|Birth Day:||May 5, 1890|
|Death Date:||March 28, 1957|
|Birth Place:||Haverford, United States|
|Height:||in centimeters - N/A|
|Weight:||in kg - N/A|
As per our current Database, Christopher Morley died on March 28, 1957.
In 1900 the family moved to Baltimore, Maryland. In 1906 Christopher entered Haverford College, graduating in 1910 as valedictorian. He then went to New College, Oxford, for three years on a Rhodes scholarship, studying modern history.
In 1913 Morley completed his Oxford studies and moved to New York City, New York. On June 14, 1914, he married Helen Booth Fairchild, with whom he would have four children, including Louise Morley Cochrane. They first lived in Hempstead, and then in Queens Village. They then moved to Philadelphia, Pennsylvania, and in 1920 they made their final move, to a house they called "Green Escape" in Roslyn Estates, New York. They remained there for the rest of his life. In 1936 he built a cabin at the rear of the property (The Knothole), which he maintained as his writing study from then on.
In Oxford a volume of his poems, The Eighth Sin (1912), was published. After graduating from Oxford, Morley began his literary career at Doubleday, working as publicist and publisher's reader. In 1917 he got his start as an editor for Ladies' Home Journal (1917–1918), then as a newspaper reporter and newspaper columnist in Philadelphia for the Philadelphia Evening Public Ledger.
Morley's first novel, Parnassus on Wheels, appeared in 1917. The protagonist, traveling bookseller Roger Mifflin, appeared again in his second novel, The Haunted Bookshop in 1919.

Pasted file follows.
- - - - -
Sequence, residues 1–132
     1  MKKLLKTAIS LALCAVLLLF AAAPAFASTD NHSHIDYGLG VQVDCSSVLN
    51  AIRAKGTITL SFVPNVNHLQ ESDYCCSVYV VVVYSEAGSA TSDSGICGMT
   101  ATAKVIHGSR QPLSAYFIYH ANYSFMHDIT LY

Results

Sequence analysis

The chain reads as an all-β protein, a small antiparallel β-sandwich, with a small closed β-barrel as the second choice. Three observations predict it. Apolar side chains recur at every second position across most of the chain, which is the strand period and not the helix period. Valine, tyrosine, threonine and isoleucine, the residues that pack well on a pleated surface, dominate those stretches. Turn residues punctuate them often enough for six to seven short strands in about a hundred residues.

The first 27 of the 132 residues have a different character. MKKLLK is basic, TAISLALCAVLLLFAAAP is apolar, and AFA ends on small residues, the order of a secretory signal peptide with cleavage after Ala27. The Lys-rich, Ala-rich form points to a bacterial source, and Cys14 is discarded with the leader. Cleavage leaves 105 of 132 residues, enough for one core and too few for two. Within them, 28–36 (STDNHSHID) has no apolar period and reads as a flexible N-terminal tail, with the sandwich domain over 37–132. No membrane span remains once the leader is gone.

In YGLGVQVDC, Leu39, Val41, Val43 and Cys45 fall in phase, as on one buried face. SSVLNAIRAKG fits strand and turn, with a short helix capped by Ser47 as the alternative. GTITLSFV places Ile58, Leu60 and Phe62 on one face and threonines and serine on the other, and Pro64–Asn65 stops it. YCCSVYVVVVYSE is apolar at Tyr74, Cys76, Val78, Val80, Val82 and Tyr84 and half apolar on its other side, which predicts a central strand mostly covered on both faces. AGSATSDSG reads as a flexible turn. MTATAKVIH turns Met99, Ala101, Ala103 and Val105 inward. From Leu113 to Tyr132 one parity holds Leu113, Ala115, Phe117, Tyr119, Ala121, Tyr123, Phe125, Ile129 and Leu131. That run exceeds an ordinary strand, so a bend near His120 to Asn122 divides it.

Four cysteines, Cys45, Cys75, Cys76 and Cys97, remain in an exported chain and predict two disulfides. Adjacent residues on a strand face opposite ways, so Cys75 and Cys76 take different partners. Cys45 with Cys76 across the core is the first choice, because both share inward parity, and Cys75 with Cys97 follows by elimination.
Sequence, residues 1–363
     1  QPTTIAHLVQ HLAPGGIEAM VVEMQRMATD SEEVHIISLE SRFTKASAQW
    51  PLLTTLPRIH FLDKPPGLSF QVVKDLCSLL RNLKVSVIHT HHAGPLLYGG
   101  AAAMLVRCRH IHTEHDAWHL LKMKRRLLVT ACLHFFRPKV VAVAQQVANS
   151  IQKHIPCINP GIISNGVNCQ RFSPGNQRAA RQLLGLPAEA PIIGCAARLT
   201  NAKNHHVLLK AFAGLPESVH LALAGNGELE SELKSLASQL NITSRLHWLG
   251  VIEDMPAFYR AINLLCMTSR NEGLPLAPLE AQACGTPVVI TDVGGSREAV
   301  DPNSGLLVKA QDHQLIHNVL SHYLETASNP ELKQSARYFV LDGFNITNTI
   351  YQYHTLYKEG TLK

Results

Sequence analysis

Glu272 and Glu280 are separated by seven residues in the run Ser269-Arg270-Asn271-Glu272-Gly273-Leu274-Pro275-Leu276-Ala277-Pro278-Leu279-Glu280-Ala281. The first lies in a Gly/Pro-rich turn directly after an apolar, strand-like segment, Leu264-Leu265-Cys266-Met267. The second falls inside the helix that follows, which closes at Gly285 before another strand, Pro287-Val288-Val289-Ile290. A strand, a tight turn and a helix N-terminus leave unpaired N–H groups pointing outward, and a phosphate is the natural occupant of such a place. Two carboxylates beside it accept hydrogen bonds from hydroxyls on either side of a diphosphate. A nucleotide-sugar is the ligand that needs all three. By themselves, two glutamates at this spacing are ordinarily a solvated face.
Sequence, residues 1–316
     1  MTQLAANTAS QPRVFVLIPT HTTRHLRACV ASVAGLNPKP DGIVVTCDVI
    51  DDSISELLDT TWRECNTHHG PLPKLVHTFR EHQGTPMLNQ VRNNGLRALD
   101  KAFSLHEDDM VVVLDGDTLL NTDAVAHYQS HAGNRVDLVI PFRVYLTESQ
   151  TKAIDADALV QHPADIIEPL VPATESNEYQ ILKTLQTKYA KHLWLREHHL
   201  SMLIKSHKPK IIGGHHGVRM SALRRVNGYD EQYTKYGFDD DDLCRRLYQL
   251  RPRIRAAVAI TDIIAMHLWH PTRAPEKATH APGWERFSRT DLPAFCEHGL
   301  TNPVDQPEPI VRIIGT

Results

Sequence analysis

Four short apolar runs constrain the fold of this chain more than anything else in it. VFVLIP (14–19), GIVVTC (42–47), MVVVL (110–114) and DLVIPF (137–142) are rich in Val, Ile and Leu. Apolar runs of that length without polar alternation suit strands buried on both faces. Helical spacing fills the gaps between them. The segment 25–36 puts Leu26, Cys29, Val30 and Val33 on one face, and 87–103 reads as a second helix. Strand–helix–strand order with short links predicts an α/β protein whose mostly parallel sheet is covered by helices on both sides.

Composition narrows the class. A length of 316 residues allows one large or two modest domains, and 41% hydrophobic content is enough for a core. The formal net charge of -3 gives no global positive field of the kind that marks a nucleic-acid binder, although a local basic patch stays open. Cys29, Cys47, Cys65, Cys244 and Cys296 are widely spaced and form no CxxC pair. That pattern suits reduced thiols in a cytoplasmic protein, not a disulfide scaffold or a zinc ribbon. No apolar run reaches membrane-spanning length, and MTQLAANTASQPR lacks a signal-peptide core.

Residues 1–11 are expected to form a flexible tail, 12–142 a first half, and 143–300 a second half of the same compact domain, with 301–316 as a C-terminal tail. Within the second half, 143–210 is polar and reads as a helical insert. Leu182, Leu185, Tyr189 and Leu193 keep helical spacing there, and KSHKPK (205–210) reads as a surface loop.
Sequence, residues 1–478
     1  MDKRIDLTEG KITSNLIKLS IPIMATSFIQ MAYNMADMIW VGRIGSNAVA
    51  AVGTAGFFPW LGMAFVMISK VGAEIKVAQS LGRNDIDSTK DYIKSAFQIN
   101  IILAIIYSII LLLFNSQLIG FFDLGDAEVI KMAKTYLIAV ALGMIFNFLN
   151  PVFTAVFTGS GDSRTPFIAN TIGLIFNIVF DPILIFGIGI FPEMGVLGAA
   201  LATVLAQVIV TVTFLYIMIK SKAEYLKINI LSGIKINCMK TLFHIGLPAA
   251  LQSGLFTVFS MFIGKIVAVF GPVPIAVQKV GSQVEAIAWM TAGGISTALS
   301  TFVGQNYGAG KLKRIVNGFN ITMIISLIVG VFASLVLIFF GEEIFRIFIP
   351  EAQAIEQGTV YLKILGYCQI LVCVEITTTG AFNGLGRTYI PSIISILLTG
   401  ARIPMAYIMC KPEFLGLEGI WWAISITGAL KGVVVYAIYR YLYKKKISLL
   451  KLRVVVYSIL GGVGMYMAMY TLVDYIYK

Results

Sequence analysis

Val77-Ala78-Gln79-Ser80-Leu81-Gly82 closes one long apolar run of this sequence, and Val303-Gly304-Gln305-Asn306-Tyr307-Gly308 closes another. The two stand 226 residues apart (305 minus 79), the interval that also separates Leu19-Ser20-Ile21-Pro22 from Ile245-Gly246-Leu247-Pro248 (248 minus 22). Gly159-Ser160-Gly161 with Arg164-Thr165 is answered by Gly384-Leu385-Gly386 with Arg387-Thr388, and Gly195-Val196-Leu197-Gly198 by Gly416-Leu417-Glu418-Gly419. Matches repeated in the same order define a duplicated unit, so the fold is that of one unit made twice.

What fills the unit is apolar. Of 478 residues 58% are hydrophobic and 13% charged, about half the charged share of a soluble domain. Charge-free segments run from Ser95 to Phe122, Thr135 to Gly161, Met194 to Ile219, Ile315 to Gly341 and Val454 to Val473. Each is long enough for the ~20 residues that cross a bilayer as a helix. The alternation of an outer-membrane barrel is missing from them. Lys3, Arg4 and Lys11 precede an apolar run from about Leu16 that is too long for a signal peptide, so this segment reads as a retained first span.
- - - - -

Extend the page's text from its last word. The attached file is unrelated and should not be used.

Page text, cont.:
In 1920 Morley returned to New York City to write a column (The Bowling Green) for the New York Evening Post.
In 1922, a candid interview was seen nationwide in newspapers, part of a series called Humor's Sober Side: How Humorists Get That Way. Other humorists interviewed in the same series included Will Rogers, Dorothy Parker, Don Marquis, Roy K. Moulton, Tom Sims, Tom Daly, and Ring Lardner.
From 1928 to 1930, Morley and set designer Cleon Throckmorton co-produced theater productions (dramas) at two theaters they purchased and renovated in Hoboken, New Jersey, which they had "deemed the last seacoast in Bohemia".
He was one of the founders and a longtime contributing editor of the Saturday Review of Literature. A highly gregarious man, he was the mainstay of what he dubbed the "Three Hours for Lunch Club". Out of enthusiasm for the Sherlock Holmes stories, he helped found The Baker Street Irregulars and wrote the introduction to the standard omnibus edition of The Complete Sherlock Holmes. He also wrote an introduction to the standard omnibus edition of The Complete Works of Shakespeare in 1936, although Morley called it an "Introduction to Yourself as a Reader of Shakespeare". That year, he was appointed to revise and enlarge Bartlett's Familiar Quotations (11th edition in 1937 and 12th edition in 1948). He was one of the first judges for the Book of the Month Club, serving in that position until the early 1950s.
In 1951 Morley suffered a series of strokes, which greatly reduced his voluminous literary output. He died on 28 March 1957, and was buried in the Roslyn Cemetery in Nassau County, New York. After his death, two New York newspapers published his last message to his friends:
For most of his life, he lived in Roslyn Estates, Nassau County, Long Island, commuting to the city on the Long Island Rail Road, about which he wrote affectionately. In 1961, the 98-acre (40-hectare) Christopher Morley Park on Searingtown Road in Nassau County was named in his honor. This park preserves as a publicly available point of interest his studio, the "Knothole" (which was moved to the site after his death), along with his furniture and bookcases.
Currently, Christopher Morley is 131 years, 0 months and 6 days old. Christopher Morley will celebrate 132nd birthday on a Thursday 5th of May 2022. Below we countdown to Christopher Morley upcoming birthday.